“Without it, production rates could struggle to climb much beyond their current levels,” the IEA said in its report.
Over the last decade, Iraq has accounted for 20% of the growth in global oil supply. Production has recovered from 2.3 million barrels a day in 2009 to around 4.7 million currently. That number could rise to 6 million by 2030 if Iraq can solve its water crisis.
“To reach the projected production levels, Iraq would need an additional 3 million barrels a day of water for injection into reservoirs,” the IEA said.
The industry already uses 5 million barrels of water a day to ensure there’s enough pressure in the underground reservoirs to extract the oil. It needs as much as 1.5 barrels of water for every barrel of oil.
But Iraq relies on imports from neighboring countries for 70% of the water it consumes. River levels have fallen by up to 40% in the last 20 years.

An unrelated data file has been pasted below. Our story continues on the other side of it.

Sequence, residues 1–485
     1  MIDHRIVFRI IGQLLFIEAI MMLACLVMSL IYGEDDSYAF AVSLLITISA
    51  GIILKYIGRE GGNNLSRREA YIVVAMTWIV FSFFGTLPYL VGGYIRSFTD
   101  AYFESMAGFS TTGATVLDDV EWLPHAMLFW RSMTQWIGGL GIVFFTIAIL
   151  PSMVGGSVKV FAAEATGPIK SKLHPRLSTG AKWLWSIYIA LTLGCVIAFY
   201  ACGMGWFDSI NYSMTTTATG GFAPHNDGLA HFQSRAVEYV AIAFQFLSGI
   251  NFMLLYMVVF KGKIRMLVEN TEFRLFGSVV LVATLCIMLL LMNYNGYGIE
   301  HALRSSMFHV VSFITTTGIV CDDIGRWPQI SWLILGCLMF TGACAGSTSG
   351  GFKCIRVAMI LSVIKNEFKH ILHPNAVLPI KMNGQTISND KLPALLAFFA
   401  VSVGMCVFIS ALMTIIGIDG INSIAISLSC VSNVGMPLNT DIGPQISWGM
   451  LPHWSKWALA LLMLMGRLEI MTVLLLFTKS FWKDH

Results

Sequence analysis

“The quality of the water available is also deteriorating, placing further constraints on available ground and surface water supply,” the IEA said. “Reduced river flows have allowed seawater to encroach upstream, increasing the salinity of the freshwater.”
Some operations at power plants and the country’s largest oil refinery were scaled back in 2018 because “salt levels in water were four-times higher than operable limits,” it added.
Iraq has a plan to process seawater from the Gulf and transport it to the largest oil fields in the south of the country, but the project has faced several delays. A contract is now expected to be signed in 2019. The first phase could be completed in three years and transport 5 million barrels of water a day.
“It is critical for the oil industry to ensure the effective and efficient management of water, including making much better use of recycling and reusing produced water,” the IEA said.
A lack of water is not the only challenge Iraq needs to overcome. Future oil growth will depend on its ability to attract investment and maintain political stability, as well as global demand, it added.